COVID-19 Diaries: First Lost Tooth


We are all sitting around our dining table. The afternoon sun feels pleasant as it filters through the window even if it is windy and cold outside. The steam swirls and diffuses into the air from the keerai kootu. I serve the children while the husband dutifully mixes the hot rice, ghee, and kootu for each of them. Laddu asks for and, gets chips crushed and sprinkled on hers.

I am mostly done when I realize Laddu has hardly touched her plate. She toys with the rice, pushing it side to side. Her baby tooth, the one right on the bottom front is hanging by a thread. It is bloody. The tooth behind has come in fully grown. She eats as I exhort her, relapsing to solitude when I do not pay attention.

One by one we are done, I clear the dishes and put everything away. Her plate is still full. I step away to do work but I am pulled to her. So, I draw up a chair and sit next to her. Her large eyes are brimming with tears. I hug her close. I feed her. Tiny spoons placed directly on her tongue. She chews with difficulty. I scroll through my phone between each spoon watching for demands from work. A sudden yelp and then the joy!

She holds out the tiny tooth in her hand. It is a little bigger than a grain of rice. I ask her to put it away. The rest of the food goes down quick. We wash her tooth, find a box to put it in and I finally get back to work.

On her table by her bed is a labor of love. A fairy holds a “Wellcome Home” sign. There are toadstools and a little cove to harbor her first baby tooth. There is a letter that states the obvious. There are no demands. None except a plea for the fairy to let Laddu know what she looks like. The letter is addressed to Bongo, the tooth fairy.

Early in the morning, under the dull light of the kitchen island, the husband is hard at work. His handwriting is neat. The letters spaced evenly. He responds to the questions in her letter. There is another piece of paper with a large U drawn on it. He sheepishly points to his attempt to copy from an image of the tooth fairy from his phone. I take the pencil from him and make a fairly decent imitation.

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I am standing under the living room fan, cooling off after the thirty minutes on the elliptical. I hear Laddu’s voice. She is excited. Her voice rises and falls as she recounts how her tooth is gone and in its place a letter with a note that states “amma will get me a book.”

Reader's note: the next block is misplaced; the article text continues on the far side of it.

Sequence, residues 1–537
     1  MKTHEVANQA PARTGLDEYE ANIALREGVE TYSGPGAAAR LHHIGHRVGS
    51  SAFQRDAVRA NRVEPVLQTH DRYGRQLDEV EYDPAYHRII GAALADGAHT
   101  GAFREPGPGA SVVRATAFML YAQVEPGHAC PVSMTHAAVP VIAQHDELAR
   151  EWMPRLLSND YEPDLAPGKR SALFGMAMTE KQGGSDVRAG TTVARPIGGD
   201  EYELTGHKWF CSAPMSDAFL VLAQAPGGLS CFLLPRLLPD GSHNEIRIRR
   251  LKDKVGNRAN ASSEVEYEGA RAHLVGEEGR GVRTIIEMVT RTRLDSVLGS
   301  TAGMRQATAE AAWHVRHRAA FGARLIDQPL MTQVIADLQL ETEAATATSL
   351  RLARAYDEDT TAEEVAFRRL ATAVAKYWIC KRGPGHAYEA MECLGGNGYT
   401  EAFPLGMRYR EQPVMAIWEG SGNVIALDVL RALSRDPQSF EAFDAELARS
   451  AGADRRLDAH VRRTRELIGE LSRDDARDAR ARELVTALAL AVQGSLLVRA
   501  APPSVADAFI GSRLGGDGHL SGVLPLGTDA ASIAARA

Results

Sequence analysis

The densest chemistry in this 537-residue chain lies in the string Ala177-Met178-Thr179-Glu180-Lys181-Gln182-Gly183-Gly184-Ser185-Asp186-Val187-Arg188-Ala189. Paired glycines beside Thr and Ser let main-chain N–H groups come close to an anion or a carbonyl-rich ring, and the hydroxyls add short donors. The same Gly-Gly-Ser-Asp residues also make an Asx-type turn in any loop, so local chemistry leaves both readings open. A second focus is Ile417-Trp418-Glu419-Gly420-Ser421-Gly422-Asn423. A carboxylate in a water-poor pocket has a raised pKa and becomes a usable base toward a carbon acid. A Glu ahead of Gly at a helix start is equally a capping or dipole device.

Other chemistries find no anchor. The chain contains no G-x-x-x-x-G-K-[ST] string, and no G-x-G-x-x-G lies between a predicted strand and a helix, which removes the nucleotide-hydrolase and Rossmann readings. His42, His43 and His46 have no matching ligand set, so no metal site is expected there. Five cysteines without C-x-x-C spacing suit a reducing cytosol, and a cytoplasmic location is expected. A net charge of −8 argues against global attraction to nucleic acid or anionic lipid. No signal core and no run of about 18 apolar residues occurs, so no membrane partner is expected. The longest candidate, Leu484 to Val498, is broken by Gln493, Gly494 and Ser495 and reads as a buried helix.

I record part of her excitement as a video. A time capsule for later. I hug and kiss her. I read her precious letter and aww and ooh over the hand-drawn fairy. She eats her cereal with strawberries. It is clear today is a good day.

It feels like it was only recently that I slaved overnight printing out tooth fairy certificates and assembling gift bags for the twins. Pattu is on a detective mission trying to tell her little sister that the handwriting is familiar. She says it is appa who wrote it. The little one is not having it. Dad and Pattu huddle for a while and then she lays off her investigation.

Over lunch, we talk about the tooth fairy again. Laddu proclaims she did not get her $1 bill because dollar bills have coronavirus on them. I watch in wonder as children acclimatize, acculturate, accommodate, and take to this new norm. From abruptly canceled school to once in a lifetime events like the tooth fairy, everything is taken in stride, excuses granted and new routines established.

Only yesterday I rued over how the next year would look like. I feared that I would have to keep the children home for over a year. I worried about how I was going to manage work, home, school, and everything else.

Today, my daughter showed me how. One day. One event at a time.

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